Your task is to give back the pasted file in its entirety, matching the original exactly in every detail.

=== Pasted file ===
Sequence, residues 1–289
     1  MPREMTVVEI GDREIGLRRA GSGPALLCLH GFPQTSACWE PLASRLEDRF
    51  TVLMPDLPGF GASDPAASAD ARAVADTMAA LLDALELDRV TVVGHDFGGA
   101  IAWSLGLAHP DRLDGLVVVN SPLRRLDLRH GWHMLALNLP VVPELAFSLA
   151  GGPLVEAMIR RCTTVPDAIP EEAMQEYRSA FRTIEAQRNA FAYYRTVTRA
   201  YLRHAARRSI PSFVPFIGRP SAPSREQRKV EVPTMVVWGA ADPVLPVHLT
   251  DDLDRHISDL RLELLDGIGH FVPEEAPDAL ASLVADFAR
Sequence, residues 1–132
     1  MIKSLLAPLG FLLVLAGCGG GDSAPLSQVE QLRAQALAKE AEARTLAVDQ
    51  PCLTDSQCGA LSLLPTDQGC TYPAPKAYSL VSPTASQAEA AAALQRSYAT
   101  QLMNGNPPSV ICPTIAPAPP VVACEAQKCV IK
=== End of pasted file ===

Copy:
Sequence, residues 1–289
     1  MPREMTVVEI GDREIGLRRA GSGPALLCLH GFPQTSACWE PLASRLEDRF
    51  TVLMPDLPGF GASDPAASAD ARAVADTMAA LLDALELDRV TVVGHDFGGA
   101  IAWSLGLAHP DRLDGLVVVN SPLRRLDLRH GWHMLALNLP VVPELAFSLA
   151  GGPLVEAMIR RCTTVPDAIP EEAMQEYRSA FRTIEAQRNA FAYYRTVTRA
   201  YLRHAARRSI PSFVPFIGRP SAPSREQRKV EVPTMVVWGA ADPVLPVHLT
   251  DDLDRHISDL RLELLDGIGH FVPEEAPDAL ASLVADFAR
Sequence, residues 1–132
     1  MIKSLLAPLG FLLVLAGCGG GDSAPLSQVE QLRAQALAKE AEARTLAVDQ
    51  PCLTDSQCGA LSLLPTDQGC TYPAPKAYSL VSPTASQAEA AAALQRSYAT
   101  QLMNGNPPSV ICPTIAPAPP VVACEAQKCV IK